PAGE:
Point #1 may be the initial reaction in commodities as the dollar falls. Point #2 will be the medium term cyclical trend as global growth responds to the policy tightening.
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Consequences of Chinese reval - commodities
800 700 600 500 400 300 200 100 0 Jan-75 Jan-80 Jan-85 Jan-90 Jan-95 Jan-00 Gold, $/oz (lhs ) Tra de -we ighte d dolla r inde x (rhs )
15

Inverse relationship between gold and the US dollar

180 160 140 120 100

`

80 60 40 20 0 Jan-05

Massive terms-of-trade shifts may be underway
112 107 102 97 92
+40%

Canadian terms of trade index*
+50% 130

Australian terms of trade

120

110

100
87

90
82
*Shown as 3-mo moving average

77 Jan-70

Jan-75

Jan-80

Jan-85

Jan-90

Jan-95

Jan-00

Jan-05

80 1970

1975

1980

1985

1990

1995

2000

2005

N Z te rm s o f tra d e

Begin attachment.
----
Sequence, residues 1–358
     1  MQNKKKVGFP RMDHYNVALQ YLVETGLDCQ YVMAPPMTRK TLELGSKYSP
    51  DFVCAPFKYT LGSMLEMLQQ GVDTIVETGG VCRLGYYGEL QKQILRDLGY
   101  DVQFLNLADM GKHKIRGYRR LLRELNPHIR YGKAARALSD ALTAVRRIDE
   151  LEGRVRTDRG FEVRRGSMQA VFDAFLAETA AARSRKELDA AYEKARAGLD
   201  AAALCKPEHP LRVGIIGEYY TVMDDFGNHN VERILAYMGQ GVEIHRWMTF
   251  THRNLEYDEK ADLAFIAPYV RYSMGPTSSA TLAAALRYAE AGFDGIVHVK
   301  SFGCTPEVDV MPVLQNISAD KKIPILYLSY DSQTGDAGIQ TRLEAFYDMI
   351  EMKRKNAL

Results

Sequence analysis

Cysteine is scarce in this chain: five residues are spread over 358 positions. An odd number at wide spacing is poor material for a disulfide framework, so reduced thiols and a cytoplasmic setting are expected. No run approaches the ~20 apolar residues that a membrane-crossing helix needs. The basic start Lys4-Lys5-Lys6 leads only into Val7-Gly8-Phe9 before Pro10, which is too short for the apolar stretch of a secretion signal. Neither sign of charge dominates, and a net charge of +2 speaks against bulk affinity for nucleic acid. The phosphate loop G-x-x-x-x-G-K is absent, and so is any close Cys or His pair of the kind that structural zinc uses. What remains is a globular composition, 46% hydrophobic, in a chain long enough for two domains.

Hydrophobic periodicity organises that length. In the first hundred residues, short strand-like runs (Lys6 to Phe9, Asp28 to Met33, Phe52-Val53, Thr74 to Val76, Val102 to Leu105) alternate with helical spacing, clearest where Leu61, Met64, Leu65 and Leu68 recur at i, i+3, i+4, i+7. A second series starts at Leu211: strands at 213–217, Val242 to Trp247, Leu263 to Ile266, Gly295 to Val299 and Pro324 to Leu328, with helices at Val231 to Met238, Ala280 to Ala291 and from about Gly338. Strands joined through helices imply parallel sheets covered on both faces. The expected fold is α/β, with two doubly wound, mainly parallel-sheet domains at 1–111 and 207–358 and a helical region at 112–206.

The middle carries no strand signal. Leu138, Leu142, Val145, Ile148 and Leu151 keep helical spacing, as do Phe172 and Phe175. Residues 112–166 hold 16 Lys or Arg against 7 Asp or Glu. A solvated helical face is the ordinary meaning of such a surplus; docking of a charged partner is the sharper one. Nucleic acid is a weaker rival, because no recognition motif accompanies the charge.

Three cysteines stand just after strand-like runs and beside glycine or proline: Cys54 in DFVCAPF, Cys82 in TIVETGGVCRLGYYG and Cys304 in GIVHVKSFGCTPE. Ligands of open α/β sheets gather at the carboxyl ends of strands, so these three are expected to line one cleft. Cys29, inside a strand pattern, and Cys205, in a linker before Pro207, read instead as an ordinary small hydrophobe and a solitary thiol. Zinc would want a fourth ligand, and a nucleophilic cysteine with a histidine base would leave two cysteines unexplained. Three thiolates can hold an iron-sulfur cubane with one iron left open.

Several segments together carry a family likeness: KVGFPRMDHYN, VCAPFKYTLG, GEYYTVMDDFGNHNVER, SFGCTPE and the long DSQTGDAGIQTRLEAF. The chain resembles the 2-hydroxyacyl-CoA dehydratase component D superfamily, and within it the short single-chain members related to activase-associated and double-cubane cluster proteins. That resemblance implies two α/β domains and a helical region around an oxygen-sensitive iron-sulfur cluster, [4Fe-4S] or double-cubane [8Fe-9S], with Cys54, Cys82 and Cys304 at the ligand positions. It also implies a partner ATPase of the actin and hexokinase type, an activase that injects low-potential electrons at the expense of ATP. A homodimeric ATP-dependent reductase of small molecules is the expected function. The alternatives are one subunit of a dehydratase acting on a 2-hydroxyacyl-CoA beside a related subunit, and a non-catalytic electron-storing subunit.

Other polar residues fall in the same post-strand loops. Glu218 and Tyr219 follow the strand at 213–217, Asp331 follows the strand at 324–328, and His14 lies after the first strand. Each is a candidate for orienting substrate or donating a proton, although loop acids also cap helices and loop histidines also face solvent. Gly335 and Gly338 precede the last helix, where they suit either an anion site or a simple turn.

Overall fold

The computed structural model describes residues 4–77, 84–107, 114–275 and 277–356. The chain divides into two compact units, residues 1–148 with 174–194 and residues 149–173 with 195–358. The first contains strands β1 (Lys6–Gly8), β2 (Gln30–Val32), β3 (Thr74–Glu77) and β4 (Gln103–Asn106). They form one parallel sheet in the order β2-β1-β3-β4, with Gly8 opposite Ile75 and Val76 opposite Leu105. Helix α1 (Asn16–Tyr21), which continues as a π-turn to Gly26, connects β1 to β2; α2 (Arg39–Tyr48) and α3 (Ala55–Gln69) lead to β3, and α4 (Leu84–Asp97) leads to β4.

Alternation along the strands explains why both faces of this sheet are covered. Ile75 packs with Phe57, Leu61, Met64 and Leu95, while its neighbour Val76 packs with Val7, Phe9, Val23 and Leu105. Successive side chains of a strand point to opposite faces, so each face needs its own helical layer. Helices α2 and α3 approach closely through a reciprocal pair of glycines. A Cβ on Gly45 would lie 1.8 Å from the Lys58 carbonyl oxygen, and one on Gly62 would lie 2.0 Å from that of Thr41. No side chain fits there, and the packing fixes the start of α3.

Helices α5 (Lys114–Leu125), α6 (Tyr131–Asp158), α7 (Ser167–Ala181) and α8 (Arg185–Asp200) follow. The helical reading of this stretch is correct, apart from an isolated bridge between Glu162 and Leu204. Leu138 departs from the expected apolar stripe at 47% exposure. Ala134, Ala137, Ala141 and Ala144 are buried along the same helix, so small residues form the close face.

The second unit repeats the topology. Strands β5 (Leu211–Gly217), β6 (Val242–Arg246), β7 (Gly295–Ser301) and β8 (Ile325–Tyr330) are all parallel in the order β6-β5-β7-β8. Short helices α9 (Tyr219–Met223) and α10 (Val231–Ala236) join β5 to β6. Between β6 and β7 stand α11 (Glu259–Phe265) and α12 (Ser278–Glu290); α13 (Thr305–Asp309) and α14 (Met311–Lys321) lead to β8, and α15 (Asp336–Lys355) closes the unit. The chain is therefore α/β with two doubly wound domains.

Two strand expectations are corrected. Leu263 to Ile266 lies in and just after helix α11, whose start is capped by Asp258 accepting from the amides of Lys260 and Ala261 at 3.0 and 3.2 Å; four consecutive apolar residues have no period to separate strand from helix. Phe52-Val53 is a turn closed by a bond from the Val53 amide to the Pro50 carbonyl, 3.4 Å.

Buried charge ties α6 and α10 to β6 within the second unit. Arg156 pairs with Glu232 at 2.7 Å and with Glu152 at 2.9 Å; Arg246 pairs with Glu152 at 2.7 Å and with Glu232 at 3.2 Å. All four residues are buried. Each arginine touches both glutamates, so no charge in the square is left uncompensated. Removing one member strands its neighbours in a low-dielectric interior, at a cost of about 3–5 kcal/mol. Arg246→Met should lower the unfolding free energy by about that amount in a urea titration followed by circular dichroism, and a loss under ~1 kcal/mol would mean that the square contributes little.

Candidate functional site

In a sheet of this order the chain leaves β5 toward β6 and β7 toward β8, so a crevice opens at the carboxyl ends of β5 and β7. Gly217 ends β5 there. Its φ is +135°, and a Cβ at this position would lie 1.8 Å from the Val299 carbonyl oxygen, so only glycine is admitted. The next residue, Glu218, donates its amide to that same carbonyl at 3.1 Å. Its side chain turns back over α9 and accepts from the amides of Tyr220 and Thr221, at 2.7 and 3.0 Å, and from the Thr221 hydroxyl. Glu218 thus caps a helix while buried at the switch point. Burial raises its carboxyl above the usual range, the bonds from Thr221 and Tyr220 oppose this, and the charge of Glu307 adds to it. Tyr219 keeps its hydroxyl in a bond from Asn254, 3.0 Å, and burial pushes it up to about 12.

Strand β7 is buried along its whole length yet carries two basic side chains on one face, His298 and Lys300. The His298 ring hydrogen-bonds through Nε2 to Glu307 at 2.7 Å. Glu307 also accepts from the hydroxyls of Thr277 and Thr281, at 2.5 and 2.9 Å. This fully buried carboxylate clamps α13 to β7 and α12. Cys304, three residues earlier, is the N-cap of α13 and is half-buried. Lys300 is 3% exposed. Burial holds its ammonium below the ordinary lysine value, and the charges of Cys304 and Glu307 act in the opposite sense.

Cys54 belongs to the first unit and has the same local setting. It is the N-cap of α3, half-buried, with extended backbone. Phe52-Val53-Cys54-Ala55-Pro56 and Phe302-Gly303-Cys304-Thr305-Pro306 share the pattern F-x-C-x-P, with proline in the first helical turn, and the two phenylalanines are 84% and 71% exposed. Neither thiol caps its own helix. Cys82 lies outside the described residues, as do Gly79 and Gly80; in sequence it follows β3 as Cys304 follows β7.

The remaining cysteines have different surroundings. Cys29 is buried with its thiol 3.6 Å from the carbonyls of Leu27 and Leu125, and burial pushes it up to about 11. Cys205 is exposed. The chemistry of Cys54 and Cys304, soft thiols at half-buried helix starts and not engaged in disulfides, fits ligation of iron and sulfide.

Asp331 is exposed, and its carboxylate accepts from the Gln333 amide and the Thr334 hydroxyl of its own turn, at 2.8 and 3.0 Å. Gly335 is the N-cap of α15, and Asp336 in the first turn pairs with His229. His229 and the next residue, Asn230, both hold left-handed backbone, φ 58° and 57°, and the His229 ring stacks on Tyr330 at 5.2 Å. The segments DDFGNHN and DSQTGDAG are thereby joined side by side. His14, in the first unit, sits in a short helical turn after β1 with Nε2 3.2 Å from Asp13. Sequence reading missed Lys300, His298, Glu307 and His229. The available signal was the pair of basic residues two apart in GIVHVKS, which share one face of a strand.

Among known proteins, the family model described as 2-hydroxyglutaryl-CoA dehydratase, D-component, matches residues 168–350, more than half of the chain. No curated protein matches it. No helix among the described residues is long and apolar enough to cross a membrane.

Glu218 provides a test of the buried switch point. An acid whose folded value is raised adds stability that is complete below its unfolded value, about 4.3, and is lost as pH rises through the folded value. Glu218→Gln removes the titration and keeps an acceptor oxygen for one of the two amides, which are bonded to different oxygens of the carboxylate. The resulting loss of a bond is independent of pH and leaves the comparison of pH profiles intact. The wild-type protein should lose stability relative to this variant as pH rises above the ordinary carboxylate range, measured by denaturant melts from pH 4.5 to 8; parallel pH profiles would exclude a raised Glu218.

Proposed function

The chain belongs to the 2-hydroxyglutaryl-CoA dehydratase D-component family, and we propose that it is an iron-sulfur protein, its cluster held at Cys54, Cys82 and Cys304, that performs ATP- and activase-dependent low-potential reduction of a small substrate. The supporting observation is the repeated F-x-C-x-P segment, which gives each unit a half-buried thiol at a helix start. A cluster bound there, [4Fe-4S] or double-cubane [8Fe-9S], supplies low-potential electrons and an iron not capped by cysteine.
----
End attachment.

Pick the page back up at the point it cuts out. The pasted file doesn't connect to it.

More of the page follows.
145 135 125 115 105 95 +55%

Note: vertical lines represent the peak in the US dollar in 2002 Q1.

85 75 1970

1975

1980

1985

1990

1995

2000

2005

16

Consequences of Chinese reval – the US
1. A Chinese reval will impose thrift on the US economy. China becomes less willing to fund US’s excess consumption by purchasing Treasuries. 2. Rise in US import prices and inflation. 3. Rising inflation + slower growth = stagflation 4. Upward pressure on US yields. 5. Renminbi revaluation itself may not have a big impact on the US’s trade deficit – US does not compete with the goods it imports from China. But slower US growth (recession?) and stronger currencies in the rest of Asia should help to narrow the US’s trade deficit.
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Who will fill the hole?
Foreign official flows to the US (% of GDP)
3.0 2.5 2.0 1.5 1.0 0.5 0.0 -0.5 -1.0 Q1 1970
Shown as 4-qtr moving average

Early 1970s dollar decline.

Late 1970s dollar decline.

Unprecedented!
Mid-1990s dollar decline. Late 1980s dollar decline. Late 1998/99 dollar decline.

Early 1980s dollar rally.

1997/98 dollar rally.

2000/01 dollar rally.

Q1 1975

Q1 1980

Q1 1985

Q1 1990

Q1 1995